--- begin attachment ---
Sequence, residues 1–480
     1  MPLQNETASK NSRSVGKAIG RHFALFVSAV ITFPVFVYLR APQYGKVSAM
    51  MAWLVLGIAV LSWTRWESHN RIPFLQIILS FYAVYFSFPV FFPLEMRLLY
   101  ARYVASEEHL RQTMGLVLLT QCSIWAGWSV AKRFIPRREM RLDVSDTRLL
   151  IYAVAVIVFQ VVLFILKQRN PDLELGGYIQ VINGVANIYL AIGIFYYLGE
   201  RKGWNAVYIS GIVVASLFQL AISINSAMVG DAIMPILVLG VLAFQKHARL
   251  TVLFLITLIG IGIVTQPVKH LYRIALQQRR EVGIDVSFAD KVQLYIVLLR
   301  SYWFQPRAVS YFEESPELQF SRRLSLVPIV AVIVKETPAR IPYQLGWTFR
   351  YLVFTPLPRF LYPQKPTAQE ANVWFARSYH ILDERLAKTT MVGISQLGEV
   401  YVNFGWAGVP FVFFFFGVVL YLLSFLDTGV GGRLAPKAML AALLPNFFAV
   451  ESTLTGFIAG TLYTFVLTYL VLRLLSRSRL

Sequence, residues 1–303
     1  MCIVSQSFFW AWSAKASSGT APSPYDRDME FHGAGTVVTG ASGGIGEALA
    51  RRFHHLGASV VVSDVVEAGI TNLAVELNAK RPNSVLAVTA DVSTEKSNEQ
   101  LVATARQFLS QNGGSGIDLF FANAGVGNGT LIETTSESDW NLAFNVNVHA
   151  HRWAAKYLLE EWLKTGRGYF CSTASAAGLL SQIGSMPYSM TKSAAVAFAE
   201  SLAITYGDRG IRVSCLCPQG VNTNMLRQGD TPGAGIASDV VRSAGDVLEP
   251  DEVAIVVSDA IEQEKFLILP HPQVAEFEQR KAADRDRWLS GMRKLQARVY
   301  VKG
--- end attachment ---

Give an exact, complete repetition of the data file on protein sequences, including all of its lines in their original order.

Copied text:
Sequence, residues 1–480
     1  MPLQNETASK NSRSVGKAIG RHFALFVSAV ITFPVFVYLR APQYGKVSAM
    51  MAWLVLGIAV LSWTRWESHN RIPFLQIILS FYAVYFSFPV FFPLEMRLLY
   101  ARYVASEEHL RQTMGLVLLT QCSIWAGWSV AKRFIPRREM RLDVSDTRLL
   151  IYAVAVIVFQ VVLFILKQRN PDLELGGYIQ VINGVANIYL AIGIFYYLGE
   201  RKGWNAVYIS GIVVASLFQL AISINSAMVG DAIMPILVLG VLAFQKHARL
   251  TVLFLITLIG IGIVTQPVKH LYRIALQQRR EVGIDVSFAD KVQLYIVLLR
   301  SYWFQPRAVS YFEESPELQF SRRLSLVPIV AVIVKETPAR IPYQLGWTFR
   351  YLVFTPLPRF LYPQKPTAQE ANVWFARSYH ILDERLAKTT MVGISQLGEV
   401  YVNFGWAGVP FVFFFFGVVL YLLSFLDTGV GGRLAPKAML AALLPNFFAV
   451  ESTLTGFIAG TLYTFVLTYL VLRLLSRSRL

Sequence, residues 1–303
     1  MCIVSQSFFW AWSAKASSGT APSPYDRDME FHGAGTVVTG ASGGIGEALA
    51  RRFHHLGASV VVSDVVEAGI TNLAVELNAK RPNSVLAVTA DVSTEKSNEQ
   101  LVATARQFLS QNGGSGIDLF FANAGVGNGT LIETTSESDW NLAFNVNVHA
   151  HRWAAKYLLE EWLKTGRGYF CSTASAAGLL SQIGSMPYSM TKSAAVAFAE
   201  SLAITYGDRG IRVSCLCPQG VNTNMLRQGD TPGAGIASDV VRSAGDVLEP
   251  DEVAIVVSDA IEQEKFLILP HPQVAEFEQR KAADRDRWLS GMRKLQARVY
   301  VKG